It Takes Three To Tango
TOM PARKS, AIF®, CRPS®
Director of Retirement Plan Services
I recently received an email from a client informing me that they are moving from in-house payroll to a payroll service provider and she wanted to know what was needed on our end. I explained that while the payroll provider technically doesn’t impact any of the advisory work we do on the retirement plan, the interaction between the payroll provider and the 401(k) recordkeeper is very important. When those two entities don’t work well together, the whole relationship can be soured.
The payroll landscape has seen tremendous development in recent years going beyond basic payroll functions to include more HR and benefit capabilities. I will not pretend to grasp how all of the health care regulations impact the need for accurate reporting, etc. but my understanding is that it’s really important. Throw in multi-state tax compliance requirements, etc. and you’ve got some serious business on your hands.
While I cannot speak specifically to those issues, I do know a thing or two about the role regulatory compliance plays in the qualified plan space and I can tell you that a good payroll provider can make a big difference in your overall experience. Employee start date, birth date, home address, contact information (mobile phone & email, etc.), hours worked, compensation and a number of critical bits of information can make fiduciary compliance much easier when leveraged properly through the payroll or “HCM” system. Accurate data input is a vital first step but getting your payroll system to communicate with your recordkeeper is also important if you are looking for efficiency.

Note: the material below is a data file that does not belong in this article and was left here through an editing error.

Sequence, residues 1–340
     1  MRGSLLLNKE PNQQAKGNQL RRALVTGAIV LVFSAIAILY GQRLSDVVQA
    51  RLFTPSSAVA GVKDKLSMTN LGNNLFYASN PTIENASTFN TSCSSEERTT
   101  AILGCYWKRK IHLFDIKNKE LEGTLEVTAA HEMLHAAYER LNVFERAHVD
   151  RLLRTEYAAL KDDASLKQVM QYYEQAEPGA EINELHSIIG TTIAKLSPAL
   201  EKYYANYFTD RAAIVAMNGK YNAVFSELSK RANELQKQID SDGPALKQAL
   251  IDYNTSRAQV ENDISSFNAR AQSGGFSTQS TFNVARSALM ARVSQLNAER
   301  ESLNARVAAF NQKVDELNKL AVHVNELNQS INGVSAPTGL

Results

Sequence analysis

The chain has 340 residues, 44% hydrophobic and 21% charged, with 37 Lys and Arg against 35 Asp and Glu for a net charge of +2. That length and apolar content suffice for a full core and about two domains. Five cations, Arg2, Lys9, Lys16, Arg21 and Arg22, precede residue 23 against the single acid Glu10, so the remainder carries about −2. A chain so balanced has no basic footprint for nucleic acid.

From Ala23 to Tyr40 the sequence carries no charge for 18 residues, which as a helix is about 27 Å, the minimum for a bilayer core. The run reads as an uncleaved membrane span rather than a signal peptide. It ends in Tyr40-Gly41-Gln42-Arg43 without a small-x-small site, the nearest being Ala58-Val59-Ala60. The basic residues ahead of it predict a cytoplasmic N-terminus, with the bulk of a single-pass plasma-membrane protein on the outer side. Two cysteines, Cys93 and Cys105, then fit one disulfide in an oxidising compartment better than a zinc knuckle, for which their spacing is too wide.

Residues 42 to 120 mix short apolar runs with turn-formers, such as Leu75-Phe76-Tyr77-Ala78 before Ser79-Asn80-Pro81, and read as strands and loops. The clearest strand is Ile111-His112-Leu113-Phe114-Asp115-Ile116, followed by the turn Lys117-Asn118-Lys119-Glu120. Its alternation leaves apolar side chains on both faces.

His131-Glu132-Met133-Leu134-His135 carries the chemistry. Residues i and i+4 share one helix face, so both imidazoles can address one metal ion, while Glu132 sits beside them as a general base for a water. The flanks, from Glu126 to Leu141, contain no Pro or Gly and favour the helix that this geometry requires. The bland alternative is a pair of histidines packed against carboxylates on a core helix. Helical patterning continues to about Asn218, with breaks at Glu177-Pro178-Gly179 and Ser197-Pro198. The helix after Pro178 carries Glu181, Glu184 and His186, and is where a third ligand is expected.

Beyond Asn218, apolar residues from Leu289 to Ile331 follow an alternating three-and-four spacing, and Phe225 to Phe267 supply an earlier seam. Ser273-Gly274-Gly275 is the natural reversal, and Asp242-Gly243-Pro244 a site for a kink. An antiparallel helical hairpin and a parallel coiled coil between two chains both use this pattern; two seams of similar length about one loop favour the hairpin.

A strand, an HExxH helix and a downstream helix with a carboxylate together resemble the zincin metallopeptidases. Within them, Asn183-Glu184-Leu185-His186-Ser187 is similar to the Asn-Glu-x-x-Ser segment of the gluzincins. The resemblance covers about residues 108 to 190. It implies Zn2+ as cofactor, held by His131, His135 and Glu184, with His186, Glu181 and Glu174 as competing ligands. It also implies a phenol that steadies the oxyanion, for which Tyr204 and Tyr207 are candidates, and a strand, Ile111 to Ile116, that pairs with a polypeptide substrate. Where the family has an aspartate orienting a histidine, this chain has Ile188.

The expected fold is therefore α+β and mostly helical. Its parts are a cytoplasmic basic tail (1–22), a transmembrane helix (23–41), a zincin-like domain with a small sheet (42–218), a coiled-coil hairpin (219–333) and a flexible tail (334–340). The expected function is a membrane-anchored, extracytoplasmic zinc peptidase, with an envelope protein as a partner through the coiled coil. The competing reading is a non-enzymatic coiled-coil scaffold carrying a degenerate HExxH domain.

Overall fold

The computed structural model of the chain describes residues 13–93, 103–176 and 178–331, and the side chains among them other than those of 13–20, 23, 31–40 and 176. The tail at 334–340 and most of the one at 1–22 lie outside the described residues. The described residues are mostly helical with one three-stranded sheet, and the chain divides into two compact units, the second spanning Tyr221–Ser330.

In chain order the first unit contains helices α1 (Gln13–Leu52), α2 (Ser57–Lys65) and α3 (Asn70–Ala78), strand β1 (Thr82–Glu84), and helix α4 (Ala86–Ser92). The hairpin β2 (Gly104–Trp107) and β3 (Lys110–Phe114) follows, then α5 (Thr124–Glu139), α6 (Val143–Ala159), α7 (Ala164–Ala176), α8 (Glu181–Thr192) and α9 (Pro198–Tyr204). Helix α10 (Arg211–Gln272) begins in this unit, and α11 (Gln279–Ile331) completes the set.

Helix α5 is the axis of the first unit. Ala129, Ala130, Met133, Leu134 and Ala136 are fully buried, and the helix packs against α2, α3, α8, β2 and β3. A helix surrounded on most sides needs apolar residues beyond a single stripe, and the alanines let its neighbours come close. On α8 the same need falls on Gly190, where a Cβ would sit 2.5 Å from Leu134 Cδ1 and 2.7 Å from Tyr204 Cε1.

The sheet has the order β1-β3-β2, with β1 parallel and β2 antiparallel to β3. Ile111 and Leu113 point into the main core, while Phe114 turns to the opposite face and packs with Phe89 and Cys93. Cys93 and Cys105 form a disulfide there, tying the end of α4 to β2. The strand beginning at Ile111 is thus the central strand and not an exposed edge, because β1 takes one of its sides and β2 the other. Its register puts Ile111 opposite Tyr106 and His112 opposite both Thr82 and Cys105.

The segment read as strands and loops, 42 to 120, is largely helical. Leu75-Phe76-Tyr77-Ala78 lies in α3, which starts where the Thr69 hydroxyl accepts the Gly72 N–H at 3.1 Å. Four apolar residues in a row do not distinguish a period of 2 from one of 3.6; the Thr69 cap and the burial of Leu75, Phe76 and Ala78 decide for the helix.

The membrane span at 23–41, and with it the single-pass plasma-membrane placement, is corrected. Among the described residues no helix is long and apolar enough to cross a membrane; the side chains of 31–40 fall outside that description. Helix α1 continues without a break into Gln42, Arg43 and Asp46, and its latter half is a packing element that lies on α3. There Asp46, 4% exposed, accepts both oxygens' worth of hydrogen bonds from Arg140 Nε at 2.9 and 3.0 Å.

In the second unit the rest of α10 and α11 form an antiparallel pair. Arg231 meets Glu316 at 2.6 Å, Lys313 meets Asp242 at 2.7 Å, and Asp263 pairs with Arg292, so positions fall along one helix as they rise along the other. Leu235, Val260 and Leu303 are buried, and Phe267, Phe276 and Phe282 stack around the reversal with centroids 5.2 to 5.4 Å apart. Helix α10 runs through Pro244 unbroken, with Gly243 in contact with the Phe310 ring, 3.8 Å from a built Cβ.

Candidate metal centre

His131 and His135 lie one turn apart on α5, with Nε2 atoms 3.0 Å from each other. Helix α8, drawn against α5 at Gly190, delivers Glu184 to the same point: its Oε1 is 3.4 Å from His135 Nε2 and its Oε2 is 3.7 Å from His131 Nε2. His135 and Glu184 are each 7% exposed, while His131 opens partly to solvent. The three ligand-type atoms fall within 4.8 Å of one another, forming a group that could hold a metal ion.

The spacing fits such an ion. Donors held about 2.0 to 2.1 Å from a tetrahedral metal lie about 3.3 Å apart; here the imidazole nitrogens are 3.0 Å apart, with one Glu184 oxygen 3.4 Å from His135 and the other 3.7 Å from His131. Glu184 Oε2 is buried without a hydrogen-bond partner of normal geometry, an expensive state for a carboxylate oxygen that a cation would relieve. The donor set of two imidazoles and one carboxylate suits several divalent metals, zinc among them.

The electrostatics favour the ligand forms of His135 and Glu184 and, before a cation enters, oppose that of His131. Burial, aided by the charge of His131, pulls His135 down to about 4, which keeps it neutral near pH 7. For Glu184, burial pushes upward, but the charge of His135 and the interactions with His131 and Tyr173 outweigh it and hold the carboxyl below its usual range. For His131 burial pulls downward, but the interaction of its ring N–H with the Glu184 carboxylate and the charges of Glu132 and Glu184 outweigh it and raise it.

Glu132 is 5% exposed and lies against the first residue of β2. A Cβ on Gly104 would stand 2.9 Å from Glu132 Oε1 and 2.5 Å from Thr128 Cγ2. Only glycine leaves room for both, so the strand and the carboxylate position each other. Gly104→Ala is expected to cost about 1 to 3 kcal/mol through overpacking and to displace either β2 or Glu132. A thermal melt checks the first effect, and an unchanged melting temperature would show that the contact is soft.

You + Payroll Provider + Recordkeeper = Tango!
Like most areas of business and life, technology is revolutionizing the payroll industry. We see all sorts of systems and we hear all sorts of complaints from clients about their payroll providers. Interestingly, we frequently hear from a client that a particular provider is horrible only to talk to another client who uses the same system but their experience is totally positive. The same can be said for recordkeepers.
Nobody can promise perfection in service delivery because whenever there is human involvement, things will eventually go wrong. Great technology and sound procedures go a long way but working with a team of people committed to serving their clients is, in my opinion, the most important ingredient. You play a key role as well.
When you are beginning a new relationship with any sort of service provider, take your time with implementation. Listen carefully during the sales process and when you are going through implementation, make sure you ask specifically about the capabilities that made you choose the provider. All technology platforms are intricate these days. That’s what makes them so awesome and infuriating at the same time!
If you are willing to learn the intricacies of the new system on the front end, chances are your long term experience will be a better one. Ask good questions. Be patient with the implementation person because they aren’t the ones who made all those promises during the sales process. At the same time, do not settle for a cursory answer to a technical question. After all, they did agree to take the job of Chief Promise Fulfiller.
If you’re having a problem with a current provider, think back to what made you choose them in the first place and give them a chance to make good on their initial commitment. If you determine that they are either incapable or unwilling to meet your needs, approach your next provider selection process deliberately so that you can hopefully avoid experiencing the same frustrations in the future.